Mini cheesecakes. Mini fucking cheesecakes … for 300. I swore if I had to make them one more time, I was going to lose it… and I did. I broke down, which is exactly what everyone expects to see a female chef do – show weakness. As a female chef, everything you do is a test.
The first cheesecake incident was one of the hardest times I have had in the kitchen. Chef Michael Langdon, my mentor, has molded me into the chef I am today. He turned the shit show that I was back then into motivation by doing this:
Ever since I was a kid, I knew I wanted to be a chef. From cooking with my grandma, picking raspberries from her backyard, and turning them into jelly to cooking Sunday dinner and holidays, my grandma is the reason I am a chef today. She is the type of home cook who can turn a bunch of random ingredients into something amazing – pretty badass, which makes her my culinary idol.
Culinary school was a struggle for me. I didn’t get the full support I needed from my family, but I did it anyway. I never graduated, either, and I am not ashamed to say that. I started my internship anyway, and I never went back. This allowed me to get the hands-on experience you don’t always get in culinary school.
Being a young female chef, fresh in the industry, is never going to be easy. Being surrounded by men all day is tough, and I have basically become one. Every other word out of my mouth is fuck, along with a variety of raunchy comments thanks to my fellow chefs … and I wouldn’t have it any other way.
Not just anyone can become a chef. Everyone loves to hear that I am a chef, but they find it insane. There are times I think to myself, “Why am I fucking doing this? Why did I think it was a good idea to talk my colleagues into making a replica gingerbread house? WHY?”
Passion, drive, and the motivation to be one of the best female chefs in the industry one day are all reasons as to why I do it. Maybe because I love the challenge, and secretly deep down inside, I love being the only female in the kitchen. I fucking love it. I love what I do. It’s hard… it’s really hard, but it’s worth it. Pulling an all-nighter to make a badass gingerbread house with some really hard-working people who love what they do just as much as me, taking a quick powernap on the couch in the lobby, challenging ourselves together, learning together, growing together.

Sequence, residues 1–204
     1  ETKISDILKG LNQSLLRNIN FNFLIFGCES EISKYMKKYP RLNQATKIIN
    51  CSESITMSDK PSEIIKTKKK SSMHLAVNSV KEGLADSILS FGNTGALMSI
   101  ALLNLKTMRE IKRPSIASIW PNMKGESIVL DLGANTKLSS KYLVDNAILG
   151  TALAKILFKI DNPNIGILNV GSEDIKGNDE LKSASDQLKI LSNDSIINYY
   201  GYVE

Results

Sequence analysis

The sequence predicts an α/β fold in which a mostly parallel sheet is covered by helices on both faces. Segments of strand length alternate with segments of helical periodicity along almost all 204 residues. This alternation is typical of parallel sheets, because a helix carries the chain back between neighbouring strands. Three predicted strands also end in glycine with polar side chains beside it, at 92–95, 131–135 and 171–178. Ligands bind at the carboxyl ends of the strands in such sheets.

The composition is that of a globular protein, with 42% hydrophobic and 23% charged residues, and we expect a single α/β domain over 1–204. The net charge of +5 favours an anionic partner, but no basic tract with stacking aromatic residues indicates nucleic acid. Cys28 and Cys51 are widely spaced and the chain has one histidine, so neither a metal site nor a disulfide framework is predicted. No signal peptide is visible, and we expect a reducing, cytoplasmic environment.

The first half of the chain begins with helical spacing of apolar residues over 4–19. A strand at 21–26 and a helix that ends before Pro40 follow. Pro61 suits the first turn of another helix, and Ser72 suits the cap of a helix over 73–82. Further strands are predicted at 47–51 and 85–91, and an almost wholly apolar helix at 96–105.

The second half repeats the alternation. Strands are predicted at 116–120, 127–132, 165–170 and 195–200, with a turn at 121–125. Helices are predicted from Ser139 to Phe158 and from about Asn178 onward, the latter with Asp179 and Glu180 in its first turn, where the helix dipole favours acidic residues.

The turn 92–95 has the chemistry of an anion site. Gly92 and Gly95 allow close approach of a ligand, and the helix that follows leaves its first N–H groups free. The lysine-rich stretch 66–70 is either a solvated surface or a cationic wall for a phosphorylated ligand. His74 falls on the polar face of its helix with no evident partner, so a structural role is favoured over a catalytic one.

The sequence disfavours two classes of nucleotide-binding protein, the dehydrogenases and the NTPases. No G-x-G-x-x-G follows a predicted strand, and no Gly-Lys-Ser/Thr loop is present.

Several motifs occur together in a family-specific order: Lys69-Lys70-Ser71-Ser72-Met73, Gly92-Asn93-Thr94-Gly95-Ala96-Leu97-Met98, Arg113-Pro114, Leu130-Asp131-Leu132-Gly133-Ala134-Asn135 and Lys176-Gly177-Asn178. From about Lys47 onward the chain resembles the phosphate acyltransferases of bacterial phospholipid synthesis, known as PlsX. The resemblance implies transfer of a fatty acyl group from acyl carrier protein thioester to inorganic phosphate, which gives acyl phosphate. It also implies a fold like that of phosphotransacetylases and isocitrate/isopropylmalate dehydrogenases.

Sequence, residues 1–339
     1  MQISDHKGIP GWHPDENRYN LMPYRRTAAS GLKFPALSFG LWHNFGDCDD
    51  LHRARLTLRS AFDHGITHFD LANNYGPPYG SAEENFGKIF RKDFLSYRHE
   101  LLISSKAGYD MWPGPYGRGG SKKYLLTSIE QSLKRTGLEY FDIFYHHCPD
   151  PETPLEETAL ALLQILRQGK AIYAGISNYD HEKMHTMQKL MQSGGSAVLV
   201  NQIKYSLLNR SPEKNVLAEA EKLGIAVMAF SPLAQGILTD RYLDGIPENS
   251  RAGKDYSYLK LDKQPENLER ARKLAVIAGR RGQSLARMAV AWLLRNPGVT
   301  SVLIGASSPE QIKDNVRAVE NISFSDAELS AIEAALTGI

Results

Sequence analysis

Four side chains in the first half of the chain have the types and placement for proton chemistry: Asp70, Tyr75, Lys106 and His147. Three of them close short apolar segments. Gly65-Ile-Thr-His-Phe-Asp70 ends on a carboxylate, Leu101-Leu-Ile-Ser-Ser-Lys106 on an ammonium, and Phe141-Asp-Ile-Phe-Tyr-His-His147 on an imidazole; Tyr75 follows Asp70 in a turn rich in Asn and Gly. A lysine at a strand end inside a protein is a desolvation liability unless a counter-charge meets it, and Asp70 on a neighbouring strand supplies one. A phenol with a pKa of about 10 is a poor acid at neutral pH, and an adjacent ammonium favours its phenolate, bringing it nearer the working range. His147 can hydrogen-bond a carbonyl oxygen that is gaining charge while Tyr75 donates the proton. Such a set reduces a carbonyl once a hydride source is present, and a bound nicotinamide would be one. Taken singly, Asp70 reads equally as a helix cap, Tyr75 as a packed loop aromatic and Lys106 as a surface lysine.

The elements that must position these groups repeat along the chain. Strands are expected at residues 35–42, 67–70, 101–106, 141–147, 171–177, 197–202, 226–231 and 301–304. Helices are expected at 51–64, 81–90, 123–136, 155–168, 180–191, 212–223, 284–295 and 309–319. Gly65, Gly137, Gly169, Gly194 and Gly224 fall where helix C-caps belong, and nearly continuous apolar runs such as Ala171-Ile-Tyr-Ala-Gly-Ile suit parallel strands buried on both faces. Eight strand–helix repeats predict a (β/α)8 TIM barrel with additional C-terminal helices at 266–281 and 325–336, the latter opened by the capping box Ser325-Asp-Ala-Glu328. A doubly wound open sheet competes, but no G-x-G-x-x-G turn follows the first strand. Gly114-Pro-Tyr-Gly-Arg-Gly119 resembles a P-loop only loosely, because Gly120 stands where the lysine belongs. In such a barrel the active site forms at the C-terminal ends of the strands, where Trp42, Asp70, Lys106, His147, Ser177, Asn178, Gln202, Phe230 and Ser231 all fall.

The relationships you develop with these people is like a family. We’re together every day, for hours on end. On holidays, they are who I have family meal with. Chef is the Dad and the leader, Eric is the older brother who picks on you, and I am the younger sister who bears the brunt of it, only because I am the youngest, smallest, and least experienced. Most of the time I deserve anything that gets thrown my way. That’s mostly how it’s going to be in any tight-knit kitchen. They see you at your best and at your worst, and will bust your balls for it. But it’s always what you need to hear. Some people will call it abuse, I call it tough love – and tough love is what makes anyone survive, not only in the kitchen, but in every aspect of the life you live.
I’ve wanted to quit many times. There was one time I actually made the call and said that I didn’t want to be a chef anymore. That was my breaking point. I had enough. I fucked up. It was my fault, and I deserved to be screamed at the way I had been. If I quit, I would have just let everyone win. I would have just let myself down, and everyone who had ever believed in me. I do this for me, and no one else. I plan on being one of the best female chefs in the industry one day, and quitting now is not an option.
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